Ins & Outs of Internal Executive Search

Ins & Outs of Internal Executive Search | Human Resource Executive Online Here are some tips for setting up an in-house executive-search function -- as well as some of the challenges and disadvantages of such an organization.

Tuesday, June 2, 2009
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Establishing an internal executive-search function has been a dream for many companies and a reality only for some.

Some companies consider their internal recruiting process the equivalent of external search services, but few actually meet the criteria:

* Experienced professionals focused entirely on executive search activities;

* Original research to identify and recruit candidates not likely to approach the company directly;

* In-person interviews with candidates;

* Full participation in negotiating offers.

Most companies are excluded from establishing an internal executive search function because they don't go outside at senior levels often enough to warrant it. But more of those who do are considering "going inside." Regional banks were early examples. Now many kinds of companies are doing, or considering, direct search.

Requirements for "Going Internal:"

* Having "a product worth selling," i.e., an attractive company (or willingness to try harder).

* Sufficient volume of executive-level searches (10 to 20 per year?).

* Top management support that translates into influence with all hiring executives.

* Someone who really knows the retained search process running the practice.

* Dedication to research.

* Time in which to build resources carefully and well.

* Compensation of the search staff approaching that of search firms, at least for senior recruiters.

Advantages (even if you're a wise buyer of external search):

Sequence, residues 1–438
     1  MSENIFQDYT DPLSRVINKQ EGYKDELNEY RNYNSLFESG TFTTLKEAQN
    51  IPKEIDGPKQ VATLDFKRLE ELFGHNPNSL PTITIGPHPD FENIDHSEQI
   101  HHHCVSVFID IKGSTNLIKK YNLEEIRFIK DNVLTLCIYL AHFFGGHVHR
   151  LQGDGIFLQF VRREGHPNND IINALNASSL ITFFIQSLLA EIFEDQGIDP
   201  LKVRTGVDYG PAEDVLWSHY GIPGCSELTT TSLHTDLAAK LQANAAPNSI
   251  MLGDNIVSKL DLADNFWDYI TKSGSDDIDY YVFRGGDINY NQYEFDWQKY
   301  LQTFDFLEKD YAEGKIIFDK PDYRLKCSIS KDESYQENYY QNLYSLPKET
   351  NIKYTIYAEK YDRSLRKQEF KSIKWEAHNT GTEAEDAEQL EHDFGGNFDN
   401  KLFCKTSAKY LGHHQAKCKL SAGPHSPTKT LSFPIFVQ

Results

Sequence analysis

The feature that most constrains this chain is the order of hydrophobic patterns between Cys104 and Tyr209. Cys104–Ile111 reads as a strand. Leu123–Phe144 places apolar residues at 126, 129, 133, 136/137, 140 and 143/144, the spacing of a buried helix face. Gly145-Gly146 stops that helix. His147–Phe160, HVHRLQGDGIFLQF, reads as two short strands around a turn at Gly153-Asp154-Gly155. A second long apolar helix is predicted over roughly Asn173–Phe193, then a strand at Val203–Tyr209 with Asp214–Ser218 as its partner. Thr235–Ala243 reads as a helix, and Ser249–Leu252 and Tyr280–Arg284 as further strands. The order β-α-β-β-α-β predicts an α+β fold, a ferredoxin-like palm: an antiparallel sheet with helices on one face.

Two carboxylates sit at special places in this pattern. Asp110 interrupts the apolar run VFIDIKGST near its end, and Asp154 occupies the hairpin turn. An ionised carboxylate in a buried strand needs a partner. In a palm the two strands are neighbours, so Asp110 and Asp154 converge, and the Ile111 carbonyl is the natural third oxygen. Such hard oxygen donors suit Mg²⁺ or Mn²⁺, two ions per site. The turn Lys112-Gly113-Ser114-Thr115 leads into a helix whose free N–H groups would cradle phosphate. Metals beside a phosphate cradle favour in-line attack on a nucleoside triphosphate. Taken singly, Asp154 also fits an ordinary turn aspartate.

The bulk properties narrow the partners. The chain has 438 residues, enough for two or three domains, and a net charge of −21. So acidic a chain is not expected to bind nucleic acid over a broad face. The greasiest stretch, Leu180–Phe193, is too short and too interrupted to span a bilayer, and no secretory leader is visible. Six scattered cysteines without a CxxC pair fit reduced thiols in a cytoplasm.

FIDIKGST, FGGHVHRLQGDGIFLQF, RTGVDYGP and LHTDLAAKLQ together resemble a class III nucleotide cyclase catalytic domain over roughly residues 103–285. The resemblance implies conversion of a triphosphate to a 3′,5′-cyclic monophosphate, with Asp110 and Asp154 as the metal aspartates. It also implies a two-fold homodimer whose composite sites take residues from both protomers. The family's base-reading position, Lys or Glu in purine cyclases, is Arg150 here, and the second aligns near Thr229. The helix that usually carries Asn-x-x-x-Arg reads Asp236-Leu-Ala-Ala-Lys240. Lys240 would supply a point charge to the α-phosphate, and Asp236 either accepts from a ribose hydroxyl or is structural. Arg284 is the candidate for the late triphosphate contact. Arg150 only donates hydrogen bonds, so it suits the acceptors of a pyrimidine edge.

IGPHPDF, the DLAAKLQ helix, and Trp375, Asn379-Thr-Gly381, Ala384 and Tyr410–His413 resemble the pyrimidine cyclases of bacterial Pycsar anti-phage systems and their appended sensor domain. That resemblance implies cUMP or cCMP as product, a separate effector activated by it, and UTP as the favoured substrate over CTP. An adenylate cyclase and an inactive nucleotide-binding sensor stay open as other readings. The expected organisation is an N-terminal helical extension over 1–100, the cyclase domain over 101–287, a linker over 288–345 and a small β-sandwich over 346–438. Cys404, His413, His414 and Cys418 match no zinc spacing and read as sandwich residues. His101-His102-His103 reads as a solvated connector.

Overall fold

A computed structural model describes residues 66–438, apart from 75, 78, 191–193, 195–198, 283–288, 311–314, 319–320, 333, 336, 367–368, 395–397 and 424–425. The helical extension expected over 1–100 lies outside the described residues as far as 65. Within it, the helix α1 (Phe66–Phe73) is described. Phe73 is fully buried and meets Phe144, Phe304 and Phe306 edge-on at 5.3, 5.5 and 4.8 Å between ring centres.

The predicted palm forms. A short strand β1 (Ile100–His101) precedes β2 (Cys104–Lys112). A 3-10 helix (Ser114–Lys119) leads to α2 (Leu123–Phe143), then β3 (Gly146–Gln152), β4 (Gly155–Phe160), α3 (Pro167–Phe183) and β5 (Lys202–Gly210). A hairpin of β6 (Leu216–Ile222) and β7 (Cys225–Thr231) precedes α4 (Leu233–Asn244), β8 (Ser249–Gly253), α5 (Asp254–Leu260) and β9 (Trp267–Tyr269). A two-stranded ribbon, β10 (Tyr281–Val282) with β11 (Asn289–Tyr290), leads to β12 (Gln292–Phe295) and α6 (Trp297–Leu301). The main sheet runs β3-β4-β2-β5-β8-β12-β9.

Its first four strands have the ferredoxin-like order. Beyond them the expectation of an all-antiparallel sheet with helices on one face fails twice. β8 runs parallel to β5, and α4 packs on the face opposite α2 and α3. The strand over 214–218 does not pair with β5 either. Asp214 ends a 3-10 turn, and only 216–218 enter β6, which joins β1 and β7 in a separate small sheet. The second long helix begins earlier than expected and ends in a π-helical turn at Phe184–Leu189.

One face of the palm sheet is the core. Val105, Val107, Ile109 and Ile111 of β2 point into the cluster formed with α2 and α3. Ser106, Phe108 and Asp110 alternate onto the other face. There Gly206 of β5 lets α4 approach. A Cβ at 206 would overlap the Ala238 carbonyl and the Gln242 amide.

* Search team's industry knowledge is a given.

* Internal team typically knows more about past hires and who fits.

* No client blockages (off-limits) and just one client's interests at heart.

* With no search firm to blame, the company can focus on hiring effectiveness as an internal issue.

* Internal team's experience makes the company a smarter buyer of outside search services when necessary.

* Strong internal search practice capable of comparing internal to external candidates creates opportunities for better implementation of succession planning initiatives.


* In searches for functional positions, limited knowledge of other industries.

* Lack of "marquee value" of outside search consultant and third-party "marriage broker" role an external search consultant plays.

* Possibility of angering competitors by making direct approaches.


* Educating management. There's a perception in using search that you turn on the spigot and get an immediate flow of candidates, when in reality what works is original research, which takes time. In the new paradigm, recruiters and researchers work on three to five searches at a time -- not 25.

* Regulating the workload of the internal search staff. Again, most companies don't have the volume to support the function; even those who do experience hiring lulls.

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* Measuring hiring effectiveness well. This is key to understanding what works.

* Managing the sensitivity of raiding competitors -- first by monitoring where candidates are coming from. A direct approach must be handled delicately, i.e., always couched as a request for a referral. This includes a squeaky-clean approach to rusing.

* Setting clear guidelines for assignments the internal group will take (being able to say "no").

* Building the kind of research "reach" possessed by external search firms.

Overall Success Factors:

* Associate the internal executive-search group with succession-planning efforts.

* Be patient implementing an internal executive-search function.

* Continue to "massage" the function: Keep tweaking its structure and methodology.

* Keep communication active between internal search professionals and top management. (This can assist in "preventive retention" as well as recruiting.)

* Establish preferred-provider relationships with selected external search firms, as an extension of the internal effort.

* Hire internal search team leaders who have an executive search as well as corporate background.

* Measure results. Track competencies, "stick rate," time-to-fill, costs and diversity.

* Stay abreast of competitors' actions. Make it your business to know what works in other companies.

* Assist in onboarding. The internal search team is even better qualified than an external search consultant to anticipate and address issues that will help smooth the assimilation of new executives.

David Lord is founder of Harrisville, N.H.-based Executive Search Information Services, which helps companies establish in-house executive search operations.

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